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Exercise and Fitness

Part of making the shift to healthier food is taking a look at your fitness levels too. Good food, self-control, and exercise all walk hand and hand on the path toward wellness.

Exercise is an important component of healthy living, no matter your goals. Different workouts will supply distinct benefits, but overall exercise is important in maintaining optimal weight, staving off aging, keeping bones strong, building muscle, and resisting illness

Staying active also keeps joints lubricated and moving effectively, strengthens the heart, aids in healthy sleep patterns, preserves brain function, and promotes a feeling of well-being.

Types of Exercise

Exercise typically falls into three categories: aerobic, strength, and flexibility. Each one leads to improved fitness and health, but each one also improves different aspects of the body. It’s recommended that you exercise using all three kinds, but aerobic is usually more important in maintaining health.


Flexibility exercises work on stretches and range of motion. These gentle exercises help keep joints flexible and reduce chances of injury while doing other exercises or participating in sports. You should stretch before and after any workout, but you can also do extended flexibility exercises such as yoga, tai chi, and pilates. These can ease painful joints, improve flexibility, and release stress.


Strengthening exercises build strong bones and muscles. These use weight or resistance to make muscles work harder. With more muscle you also burn more calories, even at rest, so strength training can be an effective way to maintain weight.

There are two types of strengthening exercises: isometric and isotonic. Isometric exercises work on tightening the muscle without joint movement. Isotonic exercises use muscles and tendons to pull against bone, resulting in joint movement.

Most strengthening exercises are isotonic, involving movement. These include weight lifting, using resistance bands, push-ups, and pull-ups.


Also known as cardiovascular, aerobic exercises boost heart rate, work muscles for extended periods of time, and increase breathing. Any rhythmic, continuous motion will do this like running, swimming, jumping jacks, jump rope, brisk walking, or bicycling.

Aerobic exercises may have the best overall effect on health. While flexibility and strength exercises tend to focus on individual muscle groups, aerobic exercises work on the muscles, lungs, and heart, improving the efficiency, strength, and endurance of them all.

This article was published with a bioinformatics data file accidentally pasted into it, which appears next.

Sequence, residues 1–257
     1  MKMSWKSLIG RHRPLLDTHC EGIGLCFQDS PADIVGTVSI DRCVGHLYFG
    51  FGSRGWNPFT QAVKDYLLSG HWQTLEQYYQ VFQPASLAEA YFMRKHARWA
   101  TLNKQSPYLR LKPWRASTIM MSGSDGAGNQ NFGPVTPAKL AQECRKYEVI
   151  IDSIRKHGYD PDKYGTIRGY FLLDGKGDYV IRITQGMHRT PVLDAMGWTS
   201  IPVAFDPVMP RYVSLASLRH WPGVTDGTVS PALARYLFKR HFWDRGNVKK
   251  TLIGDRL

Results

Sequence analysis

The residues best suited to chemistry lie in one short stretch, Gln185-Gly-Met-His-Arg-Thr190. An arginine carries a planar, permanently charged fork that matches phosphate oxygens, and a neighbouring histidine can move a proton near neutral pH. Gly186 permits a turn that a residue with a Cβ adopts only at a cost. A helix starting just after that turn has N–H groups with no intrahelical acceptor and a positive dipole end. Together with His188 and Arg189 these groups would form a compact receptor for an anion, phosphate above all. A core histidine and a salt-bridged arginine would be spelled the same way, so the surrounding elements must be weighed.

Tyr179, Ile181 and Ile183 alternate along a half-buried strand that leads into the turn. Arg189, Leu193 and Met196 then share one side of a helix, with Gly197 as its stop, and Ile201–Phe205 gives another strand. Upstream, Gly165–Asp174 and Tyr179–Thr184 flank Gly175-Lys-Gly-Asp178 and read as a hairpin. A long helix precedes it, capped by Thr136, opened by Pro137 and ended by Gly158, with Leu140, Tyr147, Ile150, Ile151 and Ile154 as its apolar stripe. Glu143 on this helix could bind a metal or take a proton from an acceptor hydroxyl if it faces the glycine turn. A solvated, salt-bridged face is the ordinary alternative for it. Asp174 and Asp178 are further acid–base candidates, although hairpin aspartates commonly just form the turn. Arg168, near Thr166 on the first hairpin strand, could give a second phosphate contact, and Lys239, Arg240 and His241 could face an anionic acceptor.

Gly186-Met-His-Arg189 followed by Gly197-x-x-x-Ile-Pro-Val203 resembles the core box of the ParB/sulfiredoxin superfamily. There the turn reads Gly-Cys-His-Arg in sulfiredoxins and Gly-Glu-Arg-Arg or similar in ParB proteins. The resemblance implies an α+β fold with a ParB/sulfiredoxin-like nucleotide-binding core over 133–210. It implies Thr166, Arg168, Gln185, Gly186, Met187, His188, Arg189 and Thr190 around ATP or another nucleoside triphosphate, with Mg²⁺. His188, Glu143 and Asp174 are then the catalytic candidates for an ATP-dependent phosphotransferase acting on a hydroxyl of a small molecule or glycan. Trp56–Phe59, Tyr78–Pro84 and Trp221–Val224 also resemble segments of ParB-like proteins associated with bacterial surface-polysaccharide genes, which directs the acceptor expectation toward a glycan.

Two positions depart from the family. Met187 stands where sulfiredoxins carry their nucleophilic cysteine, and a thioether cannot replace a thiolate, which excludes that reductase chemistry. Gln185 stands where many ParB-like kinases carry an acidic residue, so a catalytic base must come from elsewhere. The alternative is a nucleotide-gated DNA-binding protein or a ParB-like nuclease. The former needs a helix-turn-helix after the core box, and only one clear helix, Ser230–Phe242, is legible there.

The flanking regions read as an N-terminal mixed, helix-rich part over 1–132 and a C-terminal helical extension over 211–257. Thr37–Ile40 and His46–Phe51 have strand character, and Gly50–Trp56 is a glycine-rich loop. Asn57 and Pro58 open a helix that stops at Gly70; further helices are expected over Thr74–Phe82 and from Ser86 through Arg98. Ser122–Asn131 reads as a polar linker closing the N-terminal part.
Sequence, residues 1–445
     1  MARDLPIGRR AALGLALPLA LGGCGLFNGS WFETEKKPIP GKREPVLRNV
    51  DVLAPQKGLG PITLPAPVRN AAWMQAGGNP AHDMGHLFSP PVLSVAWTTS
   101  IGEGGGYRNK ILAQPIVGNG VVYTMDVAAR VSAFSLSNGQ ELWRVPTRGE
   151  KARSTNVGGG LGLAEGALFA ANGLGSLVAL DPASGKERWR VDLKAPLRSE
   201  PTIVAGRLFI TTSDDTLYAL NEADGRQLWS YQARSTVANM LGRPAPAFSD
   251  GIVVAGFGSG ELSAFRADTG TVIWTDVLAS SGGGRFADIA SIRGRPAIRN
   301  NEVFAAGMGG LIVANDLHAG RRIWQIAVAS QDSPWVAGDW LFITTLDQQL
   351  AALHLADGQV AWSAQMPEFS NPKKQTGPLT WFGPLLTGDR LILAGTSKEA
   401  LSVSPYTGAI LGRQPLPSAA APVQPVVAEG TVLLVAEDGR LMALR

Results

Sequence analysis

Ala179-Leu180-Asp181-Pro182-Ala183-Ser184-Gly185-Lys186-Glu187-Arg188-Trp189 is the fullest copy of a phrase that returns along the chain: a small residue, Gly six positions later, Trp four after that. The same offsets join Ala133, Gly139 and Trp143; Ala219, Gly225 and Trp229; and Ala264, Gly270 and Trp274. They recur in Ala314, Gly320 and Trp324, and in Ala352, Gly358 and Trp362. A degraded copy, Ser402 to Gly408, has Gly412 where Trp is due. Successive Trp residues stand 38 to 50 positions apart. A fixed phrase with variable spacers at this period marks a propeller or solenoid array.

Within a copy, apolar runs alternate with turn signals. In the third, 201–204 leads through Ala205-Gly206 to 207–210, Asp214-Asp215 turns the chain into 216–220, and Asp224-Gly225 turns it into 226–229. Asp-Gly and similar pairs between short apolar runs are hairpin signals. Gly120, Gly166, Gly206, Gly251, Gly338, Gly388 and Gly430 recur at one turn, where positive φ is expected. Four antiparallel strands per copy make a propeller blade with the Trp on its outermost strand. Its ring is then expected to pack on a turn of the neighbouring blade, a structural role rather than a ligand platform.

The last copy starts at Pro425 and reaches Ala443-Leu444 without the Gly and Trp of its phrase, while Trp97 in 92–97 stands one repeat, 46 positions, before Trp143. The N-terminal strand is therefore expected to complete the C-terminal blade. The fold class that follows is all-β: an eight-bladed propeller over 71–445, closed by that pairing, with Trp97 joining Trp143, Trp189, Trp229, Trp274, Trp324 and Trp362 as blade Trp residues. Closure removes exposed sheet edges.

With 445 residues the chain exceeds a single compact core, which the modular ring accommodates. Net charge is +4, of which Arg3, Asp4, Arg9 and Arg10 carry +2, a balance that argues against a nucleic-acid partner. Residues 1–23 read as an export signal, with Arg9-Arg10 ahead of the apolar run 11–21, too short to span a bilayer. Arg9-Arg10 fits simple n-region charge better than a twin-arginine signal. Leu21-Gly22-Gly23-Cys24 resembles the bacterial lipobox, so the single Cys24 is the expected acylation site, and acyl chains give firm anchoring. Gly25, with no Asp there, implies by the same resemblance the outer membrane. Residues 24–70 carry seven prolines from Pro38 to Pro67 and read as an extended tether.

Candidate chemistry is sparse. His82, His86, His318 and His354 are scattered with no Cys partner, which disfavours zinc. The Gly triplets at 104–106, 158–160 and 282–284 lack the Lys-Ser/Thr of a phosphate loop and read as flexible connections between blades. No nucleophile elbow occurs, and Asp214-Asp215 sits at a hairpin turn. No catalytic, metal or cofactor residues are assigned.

Aerobic exercise forces our bodies to adapt to the heightened demand for oxygen and energy. Our bodies begin pulling in more oxygen from the lungs and making the heart beat faster. Prolonged exercise increases the amount of oxygen your lungs bring in and builds more muscle in the heart. As the heart gains muscle it is capable of pumping more blood with each beat.

This greater stroke volume means the heart doesn’t have to work as hard to meet the demands of exercise or daily use. This improved efficiency means the heart lasts longer, just like a machine running at peak efficiency will last longer than one that must work harder to accomplish the same thing.

Downstream from the heart, the muscles also adapt by becoming more efficient. Muscle cells begin consuming oxygen more effectively. They use this oxygen to burn carbohydrates and fat and power every aspect of cellular function. The amount of mitochondria, the powerhouses of cells, in muscle also increases as you do more aerobic exercise, burning through more fuel more efficiently. The change in your energy levels is usually noticeable after just a few days to weeks as the body no longer struggles to meet energy needs.

This increased mitochondria performance then encourages cells to break into fat stores to supply more energy. Fat has more than double the caloric energy of carbohydrates, but it requires more oxygen to be metabolized and put to use.

So, as your body becomes more efficient at bringing in oxygen and your energy requirements skyrocket, fat becomes a much easier and effective means to acquire that energy. If you want to lose weight, extended aerobic exercise will be key to your success.

Apart from weight loss, aerobic exercise also reduces the risks of many diseases and disorders. Aerobic exercise improves bone density to combat osteoporosis, reduces risk of cancer, improves well-being to stave off depression, boosts insulin resistance to defend against diabetes, stimulates new brain cell growth to battle dementia and Alzheimer’s, and, obviously, fights cardiovascular disease and obesity.

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